Environmental Protection

Assignment Earth, Environmental Journalism, Environmental Protection, Sustainable Living / 23.03.2011

  Making the growing season grow longer, that’s the idea for Daphne Yannakakis, an organic farmer in western Colorado. Along with husband Don Lareau on Zephyros Farm, they’re growing vegetables in wintertime as part of a study by Colorado State University. The vegetables grow under the protection of unheated green houses called high tunnels, which hold in heat stored by the Earth at night and capture solar heat during the day. They also provide protection from the wind. These farmers plant a variety of cold hardy vegetables at monthly intervals and record weather data electronically with custom software. The data is collected from five farms across Colorado and will be compiled and made available to other small-scale farmers. Funded by the U.S. Department of Agriculture and called the Sustainable Agriculture Research and Education program or SARE, the study is intended to help small-scale farmers in the Rocky Mountains remain productive and profitable through much of the winter by utilizing high tunnels. Even when outside temperatures reach sub-zero extremes these simple structures allow vegetables to survive harsh winter conditions and enable farmers to grow more.
Assignment Earth, Environmental Journalism, Environmental Protection / 11.03.2011

  Collisions with automobiles make it pretty clear where Mule Deer don’t make it across the road. But what researchers want to find out is where they do. The answer is important as officials in Wyoming get ready to expand major highways -some up to five lanes- that run through this wildlife rich gateway to Grand Teton and Yellowstone National Parks.   “If we can figure out where animals are crossing, we can at least hope to reduce some of those wildlife vehicle collisions, which will help from a population perspective to keep the animals alive,” said Embere Hall of Teton Science Schools. “Secondly it will help improve human safety. No one wants to hit an animal with their car.” A three-year study is underway to better understand the highway-crossing behavior of mule deer. At a cost of my more than $300,000 this labor intensive project aims to discover exactly how animals maneuver through this increasingly busy valley.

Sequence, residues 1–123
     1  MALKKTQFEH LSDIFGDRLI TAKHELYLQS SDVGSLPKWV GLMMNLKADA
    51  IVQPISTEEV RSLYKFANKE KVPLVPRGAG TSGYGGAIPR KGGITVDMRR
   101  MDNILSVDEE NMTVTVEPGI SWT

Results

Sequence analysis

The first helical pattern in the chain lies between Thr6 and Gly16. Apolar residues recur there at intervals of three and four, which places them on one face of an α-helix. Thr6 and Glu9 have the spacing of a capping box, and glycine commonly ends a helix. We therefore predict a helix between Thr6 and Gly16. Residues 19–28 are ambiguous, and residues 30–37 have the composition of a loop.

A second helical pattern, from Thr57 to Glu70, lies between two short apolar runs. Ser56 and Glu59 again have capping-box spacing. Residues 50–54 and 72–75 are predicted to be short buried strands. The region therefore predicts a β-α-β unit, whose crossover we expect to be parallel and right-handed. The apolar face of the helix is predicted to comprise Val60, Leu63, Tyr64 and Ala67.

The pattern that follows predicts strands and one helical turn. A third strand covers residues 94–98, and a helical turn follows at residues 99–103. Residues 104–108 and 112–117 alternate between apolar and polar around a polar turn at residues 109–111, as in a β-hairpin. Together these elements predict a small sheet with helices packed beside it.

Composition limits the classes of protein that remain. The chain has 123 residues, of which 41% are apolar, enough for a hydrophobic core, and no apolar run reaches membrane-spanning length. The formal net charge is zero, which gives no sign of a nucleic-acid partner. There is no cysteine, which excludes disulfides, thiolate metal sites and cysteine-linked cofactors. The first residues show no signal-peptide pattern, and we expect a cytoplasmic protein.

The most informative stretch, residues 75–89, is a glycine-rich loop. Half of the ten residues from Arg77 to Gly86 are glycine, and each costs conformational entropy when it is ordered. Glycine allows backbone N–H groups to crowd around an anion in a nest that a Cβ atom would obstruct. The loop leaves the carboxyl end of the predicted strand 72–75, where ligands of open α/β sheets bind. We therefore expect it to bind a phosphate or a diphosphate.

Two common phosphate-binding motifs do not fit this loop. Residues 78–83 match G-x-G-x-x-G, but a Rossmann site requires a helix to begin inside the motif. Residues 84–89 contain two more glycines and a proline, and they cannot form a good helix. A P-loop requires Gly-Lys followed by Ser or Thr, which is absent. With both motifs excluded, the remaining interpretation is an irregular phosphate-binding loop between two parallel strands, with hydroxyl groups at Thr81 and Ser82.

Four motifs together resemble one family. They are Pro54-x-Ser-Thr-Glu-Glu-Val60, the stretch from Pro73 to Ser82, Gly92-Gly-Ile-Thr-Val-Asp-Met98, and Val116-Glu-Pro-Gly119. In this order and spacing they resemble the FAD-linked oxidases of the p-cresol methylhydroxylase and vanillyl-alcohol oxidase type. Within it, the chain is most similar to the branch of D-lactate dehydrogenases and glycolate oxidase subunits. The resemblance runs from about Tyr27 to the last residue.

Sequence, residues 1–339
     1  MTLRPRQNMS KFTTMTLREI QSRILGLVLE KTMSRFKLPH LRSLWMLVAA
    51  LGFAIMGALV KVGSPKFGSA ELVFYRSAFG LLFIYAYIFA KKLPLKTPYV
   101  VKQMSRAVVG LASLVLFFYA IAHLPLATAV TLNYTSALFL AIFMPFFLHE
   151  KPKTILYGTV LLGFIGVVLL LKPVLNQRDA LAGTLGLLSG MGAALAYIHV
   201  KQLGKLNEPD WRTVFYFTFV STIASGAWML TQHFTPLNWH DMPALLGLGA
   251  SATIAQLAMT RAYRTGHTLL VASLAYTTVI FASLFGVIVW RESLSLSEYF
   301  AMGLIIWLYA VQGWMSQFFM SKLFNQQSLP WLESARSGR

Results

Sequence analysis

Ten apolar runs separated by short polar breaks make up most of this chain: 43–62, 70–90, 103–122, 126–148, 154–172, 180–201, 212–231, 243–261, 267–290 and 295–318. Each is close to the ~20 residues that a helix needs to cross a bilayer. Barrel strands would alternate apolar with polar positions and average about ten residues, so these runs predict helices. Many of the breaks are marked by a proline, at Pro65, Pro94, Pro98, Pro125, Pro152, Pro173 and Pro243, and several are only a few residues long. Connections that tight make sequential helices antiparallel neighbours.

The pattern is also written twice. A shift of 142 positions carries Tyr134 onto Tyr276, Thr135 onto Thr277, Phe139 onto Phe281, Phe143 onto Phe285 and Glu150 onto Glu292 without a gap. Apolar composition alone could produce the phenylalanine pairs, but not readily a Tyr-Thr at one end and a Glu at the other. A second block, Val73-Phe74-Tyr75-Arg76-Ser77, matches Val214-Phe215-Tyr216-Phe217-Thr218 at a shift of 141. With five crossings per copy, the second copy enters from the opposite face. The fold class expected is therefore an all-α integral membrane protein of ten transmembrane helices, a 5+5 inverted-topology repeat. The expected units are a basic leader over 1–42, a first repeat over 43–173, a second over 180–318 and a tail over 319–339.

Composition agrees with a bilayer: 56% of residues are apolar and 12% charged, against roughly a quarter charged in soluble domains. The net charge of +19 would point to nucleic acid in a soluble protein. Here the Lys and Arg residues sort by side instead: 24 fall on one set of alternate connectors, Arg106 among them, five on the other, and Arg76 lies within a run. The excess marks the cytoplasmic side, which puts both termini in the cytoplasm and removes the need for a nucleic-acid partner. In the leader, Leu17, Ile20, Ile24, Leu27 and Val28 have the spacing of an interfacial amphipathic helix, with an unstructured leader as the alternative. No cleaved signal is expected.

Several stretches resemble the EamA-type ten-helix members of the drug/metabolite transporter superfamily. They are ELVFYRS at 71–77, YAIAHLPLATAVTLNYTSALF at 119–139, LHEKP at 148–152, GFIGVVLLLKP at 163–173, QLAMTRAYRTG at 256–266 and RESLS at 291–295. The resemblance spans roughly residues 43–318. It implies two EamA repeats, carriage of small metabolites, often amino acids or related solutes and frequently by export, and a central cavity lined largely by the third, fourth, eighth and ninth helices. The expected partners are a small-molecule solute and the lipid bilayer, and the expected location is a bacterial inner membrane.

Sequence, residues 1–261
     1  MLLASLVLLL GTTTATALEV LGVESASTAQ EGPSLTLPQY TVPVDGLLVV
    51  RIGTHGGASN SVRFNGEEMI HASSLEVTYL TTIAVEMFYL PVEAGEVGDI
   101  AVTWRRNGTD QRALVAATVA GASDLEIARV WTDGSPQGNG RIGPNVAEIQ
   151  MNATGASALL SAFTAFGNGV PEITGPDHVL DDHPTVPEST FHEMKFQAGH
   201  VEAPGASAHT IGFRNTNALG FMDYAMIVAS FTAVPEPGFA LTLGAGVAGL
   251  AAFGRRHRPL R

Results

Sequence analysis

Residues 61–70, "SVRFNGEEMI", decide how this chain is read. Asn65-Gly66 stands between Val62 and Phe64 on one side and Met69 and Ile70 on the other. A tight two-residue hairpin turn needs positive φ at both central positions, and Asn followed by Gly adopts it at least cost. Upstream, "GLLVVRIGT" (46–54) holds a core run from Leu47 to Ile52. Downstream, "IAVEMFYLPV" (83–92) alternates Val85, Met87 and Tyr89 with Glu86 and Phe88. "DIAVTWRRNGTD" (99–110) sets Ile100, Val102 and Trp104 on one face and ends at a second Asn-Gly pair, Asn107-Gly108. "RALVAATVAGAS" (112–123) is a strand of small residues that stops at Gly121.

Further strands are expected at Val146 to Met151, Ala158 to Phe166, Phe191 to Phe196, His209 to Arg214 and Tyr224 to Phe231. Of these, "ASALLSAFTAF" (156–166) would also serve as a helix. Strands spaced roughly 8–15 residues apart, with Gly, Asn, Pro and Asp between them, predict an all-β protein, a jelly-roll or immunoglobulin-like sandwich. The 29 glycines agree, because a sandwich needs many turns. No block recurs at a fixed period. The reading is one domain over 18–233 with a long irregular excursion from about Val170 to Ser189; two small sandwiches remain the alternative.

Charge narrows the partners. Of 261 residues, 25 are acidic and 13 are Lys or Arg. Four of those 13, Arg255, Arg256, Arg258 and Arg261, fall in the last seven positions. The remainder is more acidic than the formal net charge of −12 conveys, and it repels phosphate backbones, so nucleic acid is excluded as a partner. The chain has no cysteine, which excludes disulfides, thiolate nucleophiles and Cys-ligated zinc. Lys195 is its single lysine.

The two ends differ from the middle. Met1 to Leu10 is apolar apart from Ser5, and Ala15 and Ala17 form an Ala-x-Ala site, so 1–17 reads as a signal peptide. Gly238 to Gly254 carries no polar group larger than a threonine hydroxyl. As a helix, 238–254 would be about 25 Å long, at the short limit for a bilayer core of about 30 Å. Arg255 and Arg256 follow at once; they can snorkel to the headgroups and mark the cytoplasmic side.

Africa, Charitable Giving, Climate Change, Environmental Journalism, Environmental Justice, Environmental Protection, Ethiopia, Manic Media Monday, philanthropy / 07.03.2011

  There’s hardly a storage of news to be had in our worldwide 24/7 media cycle. What’s remarkable is the sheer volume of information out there that tends to clog the pipe and make it difficult to find those articles that truly help to shape our thoughts. For those of us engaged in an active sustainable lifestyle there are several stories worth following this week that can both inspire and encourage our personal efforts to make the world a better place.
Environmental Protection, Music, The Give Review / 02.03.2011

Outdoor clothing manufacturer Patagonia announced Tuesday a new initiative to promote environmental causes through the sale of popular music. Backed by bands Pearl Jam, The Bad Plus and Toad the West Sprocket along with performers Jack Johnson and Brett Dennen, the company aims to let customers support conservation efforts for every $.99 download from iTunes through the Patagonia Music Collective
Environmental Protection, Manic Media Monday, Mountain Film, Photography, Skiing / 28.02.2011

Protests over collective bargaining continue into their third week here in Wisconsin.  Despite a turnout of almost 80,000 who reject the Budget Repair Bill, Governor Walker is holding firm in his assertion that the State’s deficit of $137 million can only be resolved by stripping unions of their right to negotiate for benefits such as better working conditions and health care. Although this blog is dedicated to telling stories about the sustainable active lifestyle it’s important that we recognize the value that hard working public employees bring to the protection of our wild and scenic places. In this country men and women on the payroll of state and federal governments perform the service of conservation. In it less for the money than their love of the natural environment these unionized workers typically settle for low wages, fewer vacation days and medical benefits in order to do the vital work of protecting our green spaces.
Banff, Environmental Protection, Film Festival, Film Review, Sustainable Living / 24.02.2011

A father wants what’s best for his children. In his film Mi Chacra (My Land), director Jason Burlage explores a year in the life of a Peruvian farmer as he struggles to make a better life for his son. Taking top honors at the Banff Mountain Film Festival this documentary feature depicts the world of laborers who divide their time between planting crops and carrying loads for tourists on the Inca Trail to Machu Picchu.